Drink Your Tea Slowly

Small Cup

Drink your tea slowly and reverently, as if it is the axis on which the world earth revolves – slowly, evenly, without rushing toward the future; live the actual moment.
Only this moment is life.
–  Thich Nhat Hahn

We invite you to spend time in contemplation with these words from Zen master Thich Nhat Hahn. Then join in the conversation with your own poetic response.

You can enter into conversation with this text by adding your haiku response below.

About Margaret D. McGee

Comments

  1. Hurrying up
    to slow down…
    green tea

    And an older one that evokes the spirit of the quotation for me:

    camp tea…
    flames die to ember
    while ravens mutter

  2. Janet Stanwyck says:

    Wicker rocker beckons
    Katydids call,
    gifts of the moment.

  3. Sharon Nowicki says:

    Appearing soft
    a sensory illusion
    moss on rocks.

    • Yes, moss does appear very soft, doesn’t it? But the tiny stems & leaves are tougher than they appear.
      Sharon, I’m sure how you’re using the word “allusion.” Do you mean “illusion”?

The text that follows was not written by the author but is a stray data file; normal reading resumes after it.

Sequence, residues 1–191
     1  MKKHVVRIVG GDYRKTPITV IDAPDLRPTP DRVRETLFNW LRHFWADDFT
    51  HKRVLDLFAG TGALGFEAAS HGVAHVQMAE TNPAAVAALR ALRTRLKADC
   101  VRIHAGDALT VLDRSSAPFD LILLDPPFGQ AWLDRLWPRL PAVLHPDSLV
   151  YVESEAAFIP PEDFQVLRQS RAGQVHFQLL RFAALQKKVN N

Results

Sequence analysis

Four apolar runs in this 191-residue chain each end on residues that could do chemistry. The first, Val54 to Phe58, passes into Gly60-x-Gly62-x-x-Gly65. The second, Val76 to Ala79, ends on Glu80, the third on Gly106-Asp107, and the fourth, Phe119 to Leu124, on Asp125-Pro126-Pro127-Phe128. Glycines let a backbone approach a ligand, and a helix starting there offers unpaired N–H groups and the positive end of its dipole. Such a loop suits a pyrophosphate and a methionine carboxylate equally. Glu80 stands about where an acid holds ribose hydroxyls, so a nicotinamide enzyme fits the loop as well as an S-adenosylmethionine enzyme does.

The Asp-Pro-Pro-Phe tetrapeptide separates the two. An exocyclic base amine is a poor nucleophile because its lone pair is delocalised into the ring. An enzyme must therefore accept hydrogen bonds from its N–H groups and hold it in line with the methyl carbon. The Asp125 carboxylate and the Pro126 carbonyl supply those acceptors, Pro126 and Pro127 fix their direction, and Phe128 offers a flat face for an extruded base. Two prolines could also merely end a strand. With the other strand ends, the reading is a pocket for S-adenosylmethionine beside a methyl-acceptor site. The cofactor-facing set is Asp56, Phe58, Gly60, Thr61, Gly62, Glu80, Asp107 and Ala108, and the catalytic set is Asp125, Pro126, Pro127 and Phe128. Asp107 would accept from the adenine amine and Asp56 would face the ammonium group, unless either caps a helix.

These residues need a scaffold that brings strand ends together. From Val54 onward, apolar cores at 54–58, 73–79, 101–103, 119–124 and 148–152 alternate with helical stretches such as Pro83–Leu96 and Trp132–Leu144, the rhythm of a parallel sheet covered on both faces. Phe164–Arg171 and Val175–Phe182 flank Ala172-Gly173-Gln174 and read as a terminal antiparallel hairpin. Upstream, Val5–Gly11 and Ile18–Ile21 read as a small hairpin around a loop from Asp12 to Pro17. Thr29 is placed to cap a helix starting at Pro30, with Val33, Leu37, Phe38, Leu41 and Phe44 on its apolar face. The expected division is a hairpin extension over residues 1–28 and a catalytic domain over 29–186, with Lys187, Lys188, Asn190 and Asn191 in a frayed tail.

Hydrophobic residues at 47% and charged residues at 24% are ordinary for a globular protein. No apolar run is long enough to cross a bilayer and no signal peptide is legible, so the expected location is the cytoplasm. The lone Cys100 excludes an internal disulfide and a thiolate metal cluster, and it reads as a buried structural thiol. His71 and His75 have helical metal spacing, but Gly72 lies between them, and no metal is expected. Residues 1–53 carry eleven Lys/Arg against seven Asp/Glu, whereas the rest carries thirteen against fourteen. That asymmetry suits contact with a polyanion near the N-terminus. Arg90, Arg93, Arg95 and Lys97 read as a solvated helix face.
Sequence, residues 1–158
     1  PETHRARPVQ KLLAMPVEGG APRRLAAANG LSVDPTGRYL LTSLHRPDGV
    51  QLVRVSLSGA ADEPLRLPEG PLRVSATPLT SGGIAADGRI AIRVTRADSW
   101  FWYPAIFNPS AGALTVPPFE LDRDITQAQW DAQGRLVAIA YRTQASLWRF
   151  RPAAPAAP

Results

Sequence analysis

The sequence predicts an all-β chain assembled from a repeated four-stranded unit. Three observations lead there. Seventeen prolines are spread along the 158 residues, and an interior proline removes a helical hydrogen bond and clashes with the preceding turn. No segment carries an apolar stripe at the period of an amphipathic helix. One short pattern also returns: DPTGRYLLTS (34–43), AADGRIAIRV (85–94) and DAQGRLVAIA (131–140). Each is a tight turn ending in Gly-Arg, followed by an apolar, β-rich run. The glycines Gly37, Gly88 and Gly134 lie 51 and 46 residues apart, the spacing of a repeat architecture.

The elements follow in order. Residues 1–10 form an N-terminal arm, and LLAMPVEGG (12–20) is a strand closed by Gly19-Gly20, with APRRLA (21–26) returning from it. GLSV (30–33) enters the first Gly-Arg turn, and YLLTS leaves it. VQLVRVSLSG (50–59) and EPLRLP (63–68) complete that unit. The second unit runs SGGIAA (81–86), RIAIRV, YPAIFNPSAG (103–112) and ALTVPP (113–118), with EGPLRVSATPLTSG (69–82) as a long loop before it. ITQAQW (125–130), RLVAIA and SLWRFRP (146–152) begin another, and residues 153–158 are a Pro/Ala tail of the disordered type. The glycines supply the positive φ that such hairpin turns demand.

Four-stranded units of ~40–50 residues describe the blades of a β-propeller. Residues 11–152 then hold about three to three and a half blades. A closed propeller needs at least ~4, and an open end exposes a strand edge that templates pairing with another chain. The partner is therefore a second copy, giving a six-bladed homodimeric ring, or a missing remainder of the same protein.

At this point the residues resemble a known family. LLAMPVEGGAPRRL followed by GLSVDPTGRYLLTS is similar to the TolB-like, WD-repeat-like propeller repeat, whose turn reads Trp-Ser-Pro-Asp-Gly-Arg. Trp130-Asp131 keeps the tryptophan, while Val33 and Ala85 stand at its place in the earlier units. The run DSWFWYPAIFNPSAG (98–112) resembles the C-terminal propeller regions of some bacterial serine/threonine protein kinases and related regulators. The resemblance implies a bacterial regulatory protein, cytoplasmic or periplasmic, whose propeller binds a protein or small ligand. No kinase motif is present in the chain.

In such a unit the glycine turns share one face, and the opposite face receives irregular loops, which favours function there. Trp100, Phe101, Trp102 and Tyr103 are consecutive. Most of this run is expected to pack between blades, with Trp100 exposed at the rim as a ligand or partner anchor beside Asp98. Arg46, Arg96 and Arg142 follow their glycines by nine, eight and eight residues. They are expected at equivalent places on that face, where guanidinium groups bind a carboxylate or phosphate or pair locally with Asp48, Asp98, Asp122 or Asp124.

• Sharon Nowicki says:

        Yes I do, thanks. Can you correct that for me?

      • Sharon Nowicki says:

        My thoughts about these moss covered rocks I observed was that they looked so soft like one could nestle down among them in the green carpet of softness. These were along a river bank in the shade and looked so lovely and inviting. But the rocks underneath are hard and jagged, and would not be comfortable at all.

    • Sharon — I changed “allusion” to “illusion.”
      And … interesting, that the “illusion” in your thoughts was the softness of the moss vs. the hard jagged edges of the rocks. We have lots of moss around our house (some of it growing on rocks!) and after reading your poem I went outside and touched the moss. It was drier and tougher-feeling than I expected. But now I can see that the contrast in the poem is between the moss & the rocks. I like that … makes me think of the iron hand in the velvet glove! And I appreciate that you sent me outside to have a sensory experience that is not an illusion.